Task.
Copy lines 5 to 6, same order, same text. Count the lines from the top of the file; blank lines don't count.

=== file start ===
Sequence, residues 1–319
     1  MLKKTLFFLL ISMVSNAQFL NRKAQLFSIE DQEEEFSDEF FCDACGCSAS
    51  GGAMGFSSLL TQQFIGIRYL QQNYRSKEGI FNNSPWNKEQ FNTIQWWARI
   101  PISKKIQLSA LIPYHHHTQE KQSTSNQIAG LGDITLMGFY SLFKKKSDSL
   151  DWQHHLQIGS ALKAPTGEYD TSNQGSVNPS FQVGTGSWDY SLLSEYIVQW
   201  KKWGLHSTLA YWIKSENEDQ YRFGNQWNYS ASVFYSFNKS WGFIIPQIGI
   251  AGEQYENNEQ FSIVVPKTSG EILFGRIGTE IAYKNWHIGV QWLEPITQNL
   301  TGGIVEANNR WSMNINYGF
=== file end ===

   151  DWQHHLQIGS ALKAPTGEYD TSNQGSVNPS FQVGTGSWDY SLLSEYIVQW
   201  KKWGLHSTLA YWIKSENEDQ YRFGNQWNYS ASVFYSFNKS WGFIIPQIGI